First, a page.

That’s a pretty scary sounding title…but the process was actually super simple. I just want to document it here for my own future reference and to share with others looking to do the same thing.

Background

In my role as Technical Advisor for the Covenant Quarterly, I oversaw the application process for our journal into the Directory of Open Access Journals. Including it here seemed important because this was the main repository for Open Access Journals and it seemed like the logical place. Once the journal was accepted – which took quite a while! – we have the option to add article level metadata to that index. Here is our journal page along with the content of the journal – https://doaj.org/toc/2380-8829 Continue reading “Sending Article Level Metadata from OJS to DOAJ”

Google Scholar Tutorial

As a way to document and share my work, I wanted to post this short online tutorial I made about using Google Scholar and the Brandel Library.  I manage the data feeds (from SFX and now from EBSCO) that make these library links possible but I also feel like I needed to do more to make these connections apparent to our users. There are a number of reasons for this:

  • First, I love Google Scholar and I find it very useful for known item searching. Given students and faculty another tool seems very helpful.
  • Second, given the movement toward Open Access, I think “open” tools like Google Scholar do a better job searching that “gray” content that traditional databases struggle with.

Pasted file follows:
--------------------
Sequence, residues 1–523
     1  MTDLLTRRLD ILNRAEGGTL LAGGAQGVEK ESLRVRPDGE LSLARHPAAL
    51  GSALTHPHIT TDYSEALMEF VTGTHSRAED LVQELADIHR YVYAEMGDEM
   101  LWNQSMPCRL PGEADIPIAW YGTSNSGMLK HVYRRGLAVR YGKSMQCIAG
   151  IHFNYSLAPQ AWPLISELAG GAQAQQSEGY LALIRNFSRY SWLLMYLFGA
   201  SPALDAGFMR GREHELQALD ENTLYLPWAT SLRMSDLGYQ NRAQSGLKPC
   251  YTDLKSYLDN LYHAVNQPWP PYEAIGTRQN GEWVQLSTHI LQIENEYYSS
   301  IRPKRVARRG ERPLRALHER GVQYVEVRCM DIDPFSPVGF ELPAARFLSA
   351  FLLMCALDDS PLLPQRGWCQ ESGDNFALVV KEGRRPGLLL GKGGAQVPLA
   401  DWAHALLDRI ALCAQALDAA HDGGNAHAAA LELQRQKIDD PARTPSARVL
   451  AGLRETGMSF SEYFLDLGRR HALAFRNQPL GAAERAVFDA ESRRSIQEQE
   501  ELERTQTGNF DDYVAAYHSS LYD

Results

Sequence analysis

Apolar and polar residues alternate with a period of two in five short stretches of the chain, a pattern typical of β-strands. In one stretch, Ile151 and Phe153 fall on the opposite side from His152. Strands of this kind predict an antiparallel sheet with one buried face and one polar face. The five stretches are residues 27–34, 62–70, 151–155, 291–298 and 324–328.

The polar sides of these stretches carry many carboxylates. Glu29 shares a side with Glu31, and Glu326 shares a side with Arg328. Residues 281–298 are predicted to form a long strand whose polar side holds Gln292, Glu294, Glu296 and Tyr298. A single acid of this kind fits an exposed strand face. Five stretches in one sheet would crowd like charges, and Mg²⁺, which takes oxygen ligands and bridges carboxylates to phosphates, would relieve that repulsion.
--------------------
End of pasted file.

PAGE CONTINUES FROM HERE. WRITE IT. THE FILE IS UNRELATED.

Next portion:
• Lastly, the connections between Google Scholar and the Library are seamless and relatively transparent – which are good things! – some faculty believe that everything is “on Google Scholar” without realizing that the library is providing many of those links. So I think this is an opportunity to demonstrate value and market the library.

The tutorial making process at North Park is really quite nice – we have a dedicated terminal with a high quality microphone and specialized programs like Audacity and Camtasia that make it easy to create high quality tutorials. I’ve done several and am definitely getting better at using these tools – though I still don’t love the sound of my voice!

Tools for Data Analysis

In addition to providing the raw data to our campus community, I think the library can take a leadership role in providing the tools and expertise to mine this data into something usable and useful. However, many of the tools that are used to transform data are highly specialized and have a pretty steep learning curve. So I’m going to work to provide an overview of the tools available and focus on those that would be useful in the context of undergraduate education. Continue reading “Tools for Data Analysis”